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Rosenbauer v. Ruban

A-0817-08T3 (N.J. Super. App. Div. 2009) (Unpublished)

LANDLORD-TENANT; EVICTION — Strict observance of notice requirements by a landlord is required under the Anti-Eviction Act and is a jurisdictional requisite, and even if a tenant has already left, the tenant may be entitled to have an eviction order set aside because of the tenant’s risk of losing the ability to gain acceptance by landlords if the tenant has been evicted for cause.

A landlord sued to regain possession of a room she had let to a tenant. She sent seven notices to the tenant requesting that the tenant refrain from doing certain actions within the house, notifying the tenant that she had to sign a lease and agree to the rules and regulations governing her occupancy, and notifying her that the rent would increase. Finally, the landlord sent the tenant a Notice to Quit for refusing to sign a lease and then filed a complaint in the Law Division.

The Law Division issued a judgment of possession. Because the house was occupied by the owner, the Court ruled that the Anti-Eviction Act did not apply. The Court also entered judgment of possession based on nonpayment of rent and disorderly conduct. It denied two motions by the tenant to vacate the judgment of possession, although it did reverse itself and held that the Anti-Eviction Act applied. Despite the Anti-Eviction Act, it held that the tenant had received the required notice and found that the landlord had submitted sufficient evidence to terminate the tenancy for cause based on disorderly conduct. It also refused to grant a stay because the landlord would suffer a significant hardship. The tenant moved from the premises and appealed the lower court’s ruling. It claimed that the Notice to Quit was insufficient as a matter of law. Therefore, the tenant argued that the lower court lacked jurisdiction to consider those grounds. The tenant also alleged that the landlord returned two vouchers from the local welfare agency that would have paid the rent. The tenant appealed.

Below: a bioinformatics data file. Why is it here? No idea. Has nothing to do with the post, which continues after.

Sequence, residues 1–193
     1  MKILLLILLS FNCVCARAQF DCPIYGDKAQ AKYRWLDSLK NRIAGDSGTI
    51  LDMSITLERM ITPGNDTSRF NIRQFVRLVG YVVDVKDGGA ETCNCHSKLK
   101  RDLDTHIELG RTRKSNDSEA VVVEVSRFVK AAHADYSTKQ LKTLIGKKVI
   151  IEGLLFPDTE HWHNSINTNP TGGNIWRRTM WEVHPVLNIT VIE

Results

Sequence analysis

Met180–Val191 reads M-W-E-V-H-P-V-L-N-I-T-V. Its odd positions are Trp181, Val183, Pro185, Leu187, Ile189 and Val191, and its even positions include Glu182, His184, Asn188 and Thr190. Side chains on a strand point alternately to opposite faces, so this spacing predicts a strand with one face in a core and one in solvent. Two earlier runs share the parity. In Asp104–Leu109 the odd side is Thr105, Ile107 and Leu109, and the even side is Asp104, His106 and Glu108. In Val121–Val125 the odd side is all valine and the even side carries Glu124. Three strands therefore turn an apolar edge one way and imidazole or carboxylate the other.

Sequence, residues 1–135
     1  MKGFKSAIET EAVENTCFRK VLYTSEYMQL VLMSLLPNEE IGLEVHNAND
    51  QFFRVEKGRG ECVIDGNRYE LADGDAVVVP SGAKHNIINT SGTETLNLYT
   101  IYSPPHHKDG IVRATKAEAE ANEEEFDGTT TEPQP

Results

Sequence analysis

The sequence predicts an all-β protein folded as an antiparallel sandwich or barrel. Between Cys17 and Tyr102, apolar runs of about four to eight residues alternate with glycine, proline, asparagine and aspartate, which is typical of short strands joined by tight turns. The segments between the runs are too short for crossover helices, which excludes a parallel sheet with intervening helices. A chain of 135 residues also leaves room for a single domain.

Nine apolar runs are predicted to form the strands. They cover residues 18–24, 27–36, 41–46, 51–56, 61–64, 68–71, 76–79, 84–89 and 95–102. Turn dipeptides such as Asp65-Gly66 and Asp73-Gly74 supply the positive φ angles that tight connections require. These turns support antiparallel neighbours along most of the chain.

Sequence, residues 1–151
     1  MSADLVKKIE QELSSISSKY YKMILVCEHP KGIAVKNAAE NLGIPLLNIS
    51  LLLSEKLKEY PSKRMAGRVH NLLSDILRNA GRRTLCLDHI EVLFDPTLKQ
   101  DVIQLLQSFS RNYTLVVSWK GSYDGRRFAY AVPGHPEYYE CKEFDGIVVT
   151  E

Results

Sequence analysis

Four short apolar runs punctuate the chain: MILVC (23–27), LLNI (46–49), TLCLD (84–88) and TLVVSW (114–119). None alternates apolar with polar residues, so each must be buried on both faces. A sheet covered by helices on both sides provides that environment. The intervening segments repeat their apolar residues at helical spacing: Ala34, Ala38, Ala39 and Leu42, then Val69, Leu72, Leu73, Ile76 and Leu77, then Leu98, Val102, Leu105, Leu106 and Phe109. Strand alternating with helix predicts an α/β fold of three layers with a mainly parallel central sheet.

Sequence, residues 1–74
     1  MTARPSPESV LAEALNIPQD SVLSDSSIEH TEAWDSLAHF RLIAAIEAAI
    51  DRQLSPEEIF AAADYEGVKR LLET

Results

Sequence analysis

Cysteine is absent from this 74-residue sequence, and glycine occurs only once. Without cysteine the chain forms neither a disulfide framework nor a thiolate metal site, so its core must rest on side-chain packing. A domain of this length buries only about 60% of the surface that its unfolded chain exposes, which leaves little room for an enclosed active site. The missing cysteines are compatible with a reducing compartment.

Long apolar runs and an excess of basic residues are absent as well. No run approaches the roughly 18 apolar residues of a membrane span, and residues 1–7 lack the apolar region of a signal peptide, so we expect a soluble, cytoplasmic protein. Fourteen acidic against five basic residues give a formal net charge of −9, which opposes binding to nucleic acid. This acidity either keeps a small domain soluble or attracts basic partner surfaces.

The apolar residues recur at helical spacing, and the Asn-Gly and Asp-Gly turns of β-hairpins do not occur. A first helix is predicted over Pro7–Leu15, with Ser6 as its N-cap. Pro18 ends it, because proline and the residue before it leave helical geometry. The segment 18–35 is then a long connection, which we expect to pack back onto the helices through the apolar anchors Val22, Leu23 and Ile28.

The Appellate Division reversed, first noting that although the tenant had no intention of resuming occupancy of the premises, the tenant risked losing the ability to gain acceptance by other landlords if evicted for cause. The Court found that when a landlord seeks to terminate a tenancy for cause, it is required to serve a Notice to Cease, and then a Notice to Quit. It held that the function of the Notice to Cease is to provide notice to the tenant of offending conduct and an opportunity to alter that conduct. It also noted that the purpose of the Notice to Quit is to inform the tenant that the tenancy has been terminated, the reasons for termination, and that the tenant must leave the premises.

The Court held that strict observance of the notice requirements is required under the Anti-Eviction Act and is a jurisdictional prerequisite. It ruled that the record revealed that the landlord had sent four notices that the lower court properly found satisfied the obligation to provide a Notice to Cease. The Court, however, held that the landlord’s Notice to Quit was insufficient because it did not properly advise the tenant, but only informed the tenant that landlord was able to initiate legal proceedings to evict the tenant and offered the possibility that the tenant could continue to occupy the premises if she signed a lease and agreed to be bound by the rules and regulations. Accordingly, the Court held that the lower court lacked jurisdiction to terminate the tenancy for any cause other than for nonpayment of rent where neither a Notice to Cease nor a Notice to Quit is required. As to the nonpayment of rent claim, the Court noted that the tender of rent on the trial date cures the cause for eviction. Here, having issued what the landlord believed to be an effective Notice to Quit, landlord did not accept the tendered vouchers because it would have nullified the notice to quit. The Court opined that the landlord’s rejection of the tender of rent nullified its right to seek possession due to nonpayment of rent. Further, the Court found that the tenant was prepared to pay the rent due and did not do so because it would not secure her continued occupancy due to the legal ruling concerning the sufficiency of the notices and the conduct of the tenant. Therefore, the Court ruled that the judgment of possession on nonpayment of rent was not supported by the record.

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